While change is supposed to be synonymous with coins, one look at the roster of Coin Club officers over the years shows several names have remained in circulation over and over again.
Like Julian Jarvis. Not only was he the very first club president back in 1963, serving with vice president Ralph Klipsch, secretary Randall Collins and treasurer Harry Wells in that inaugural officer grouping, but it was Jarvis' first of five terms as president.
That five-time leadership role ties him with Richard Gaddis. Larry Creed served four terms, while most recently Mike Fowler did three straight.
It's not about the money, the position is unpaid, of course. But it is about the coins and the currency.
And despite no valuable metals being incorporated into U.S. coinage since the end of 1964, interest in the club might well be at an all-time high currently, Jarvis suggested.
Sixteen collectors met at the old City Hall to organize things in November 1962 with 12 charter members signing on and paying the $1-a-year dues.
"I was working at Central National Bank back then," Jarvis said, "and there were several other people I knew who had an interest in coins."
Joining Jarvis, Klipsch and Collins in that charter group were William Spencer, Earl McCullough, Adrian Morrison, William Morrison, Richard Gould, Robert Stoelting, William Lockwood, Ruth Chew and Paul Williams.
Now meeting in the large fellowship hall at the Greencastle Church of the Nazarene, the club's attendance runs from a low of 40 to a high in the 50s, Jarvis pointed out.
"It's partially because of the metals price," he said. "There's a lot of interest in precious metals now. People are wanting to preserve some of their wealth that way."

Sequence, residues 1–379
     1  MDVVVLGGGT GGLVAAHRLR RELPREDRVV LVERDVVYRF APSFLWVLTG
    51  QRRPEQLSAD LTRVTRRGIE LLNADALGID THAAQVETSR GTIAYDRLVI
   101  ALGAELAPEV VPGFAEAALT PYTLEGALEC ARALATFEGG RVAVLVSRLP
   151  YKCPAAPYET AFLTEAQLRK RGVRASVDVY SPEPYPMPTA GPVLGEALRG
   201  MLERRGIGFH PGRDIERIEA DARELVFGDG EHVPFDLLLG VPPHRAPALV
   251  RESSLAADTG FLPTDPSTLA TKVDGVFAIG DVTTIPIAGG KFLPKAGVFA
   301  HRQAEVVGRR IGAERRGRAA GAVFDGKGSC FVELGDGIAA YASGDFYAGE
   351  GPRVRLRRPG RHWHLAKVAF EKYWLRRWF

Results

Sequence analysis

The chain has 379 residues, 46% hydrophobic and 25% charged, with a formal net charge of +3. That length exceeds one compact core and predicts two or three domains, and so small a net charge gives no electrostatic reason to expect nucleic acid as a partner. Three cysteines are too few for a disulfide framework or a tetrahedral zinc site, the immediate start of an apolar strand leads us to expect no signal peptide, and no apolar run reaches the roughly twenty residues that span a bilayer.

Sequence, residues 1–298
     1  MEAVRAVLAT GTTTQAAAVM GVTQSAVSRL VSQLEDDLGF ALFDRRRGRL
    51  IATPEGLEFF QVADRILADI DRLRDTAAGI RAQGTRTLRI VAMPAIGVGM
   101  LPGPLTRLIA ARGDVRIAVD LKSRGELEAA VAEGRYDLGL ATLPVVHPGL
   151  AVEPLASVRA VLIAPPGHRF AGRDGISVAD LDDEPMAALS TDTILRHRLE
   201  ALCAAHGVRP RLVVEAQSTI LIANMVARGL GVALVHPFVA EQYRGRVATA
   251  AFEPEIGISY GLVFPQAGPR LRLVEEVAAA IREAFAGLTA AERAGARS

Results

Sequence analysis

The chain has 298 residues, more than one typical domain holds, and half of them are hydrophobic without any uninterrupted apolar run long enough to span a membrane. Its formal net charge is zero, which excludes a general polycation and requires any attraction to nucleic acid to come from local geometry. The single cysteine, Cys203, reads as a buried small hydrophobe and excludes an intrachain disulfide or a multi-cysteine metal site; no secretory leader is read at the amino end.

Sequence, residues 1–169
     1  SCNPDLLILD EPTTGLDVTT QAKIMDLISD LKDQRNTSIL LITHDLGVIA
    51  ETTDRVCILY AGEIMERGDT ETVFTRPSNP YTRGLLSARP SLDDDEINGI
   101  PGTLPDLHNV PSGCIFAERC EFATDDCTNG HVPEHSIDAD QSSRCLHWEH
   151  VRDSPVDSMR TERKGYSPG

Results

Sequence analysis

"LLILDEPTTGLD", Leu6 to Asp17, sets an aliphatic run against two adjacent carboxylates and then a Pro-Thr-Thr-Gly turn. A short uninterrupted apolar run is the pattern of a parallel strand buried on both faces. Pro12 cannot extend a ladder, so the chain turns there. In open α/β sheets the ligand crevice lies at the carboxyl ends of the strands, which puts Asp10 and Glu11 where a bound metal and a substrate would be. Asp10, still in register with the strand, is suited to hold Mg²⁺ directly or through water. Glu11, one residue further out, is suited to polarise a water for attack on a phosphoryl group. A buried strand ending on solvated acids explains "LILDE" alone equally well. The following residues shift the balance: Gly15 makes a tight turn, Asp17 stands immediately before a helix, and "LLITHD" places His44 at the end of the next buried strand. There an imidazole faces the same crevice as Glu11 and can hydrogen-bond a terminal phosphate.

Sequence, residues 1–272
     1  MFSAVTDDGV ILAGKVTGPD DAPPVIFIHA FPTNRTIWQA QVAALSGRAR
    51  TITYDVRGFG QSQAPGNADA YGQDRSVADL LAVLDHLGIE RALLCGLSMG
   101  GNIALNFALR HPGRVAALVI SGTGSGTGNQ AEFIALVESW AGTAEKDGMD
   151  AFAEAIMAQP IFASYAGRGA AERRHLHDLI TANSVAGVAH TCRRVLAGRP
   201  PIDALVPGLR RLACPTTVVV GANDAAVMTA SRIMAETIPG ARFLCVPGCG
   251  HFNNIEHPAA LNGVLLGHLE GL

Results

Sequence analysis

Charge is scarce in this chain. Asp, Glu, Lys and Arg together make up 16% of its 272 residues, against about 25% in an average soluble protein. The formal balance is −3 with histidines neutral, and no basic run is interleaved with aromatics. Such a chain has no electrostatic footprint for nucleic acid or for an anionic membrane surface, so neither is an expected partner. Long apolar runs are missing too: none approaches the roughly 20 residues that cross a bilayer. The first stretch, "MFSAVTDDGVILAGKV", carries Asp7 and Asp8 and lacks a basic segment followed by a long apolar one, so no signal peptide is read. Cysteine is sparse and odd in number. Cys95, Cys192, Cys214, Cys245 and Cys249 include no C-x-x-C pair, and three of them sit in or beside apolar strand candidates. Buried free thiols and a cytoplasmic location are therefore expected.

And why not, with gold running $1700-$1750 per troy ounce and silver somewhere around $33 an ounce.
Gold, meanwhile, has a tendency to go up or down and follow more the economic conditions, explained Jarvis, a DePauw University graduate with a background in economics and a wealth of experience in banking.
Gold and silver prices have motivated several new members to join the club, Jarvis reasoned, noting that "there's not too many places around where they can go and buy (gold and silver)."
"There are very few of what you would call 'real coin shops' left any more," he added, mentioning one in Terre Haute and a couple in Indianapolis. "And the ones that are left make their money buying not selling."
Jarvis said his interest in coins started quite early.
"I started collecting when I was about 12," he said, pinpointing the year as 1947.
A neighbor boy's father ran an old one-pump gas station on North Jackson Street (the northwest section of Humphrey's property now), he recalled.
"One day we got to looking at pennies and decided to see who could get the most pennies with different dates," Jarvis said. "I started looking at every penny I could get my hands on."
When his sister bought him one of the first guidebooks of U.S. coins, and he later acquired his first blue coin album to stow his treasures, Jarvis was off and running.
Even his first part-time job involved change as he worked half-days at Central National Bank while still a junior at Greencastle High School. He worked in the bank's supply room, ran errands, and most importantly to him, wrapped coins, helping fuel his interest in an area in which he still makes his living these days.
"I've been a fulltime dealer since 1980," Jarvis said, noting that it is a real rarity -- "almost impossible really" -- to score a valuable coin find in circulation these days, although that doesn't stop the true numismatic from checking his palm every time a merchant hands back his change.
Jarvis still attends Putnam County Coin Club meetings after 50 years, although he tries to keep a low profile these days.
"Basically I've tried to stay on the sidelines," he said. "We've got enough people and enough officers now. It's in good hands."
Just like a fistful of shiny coins.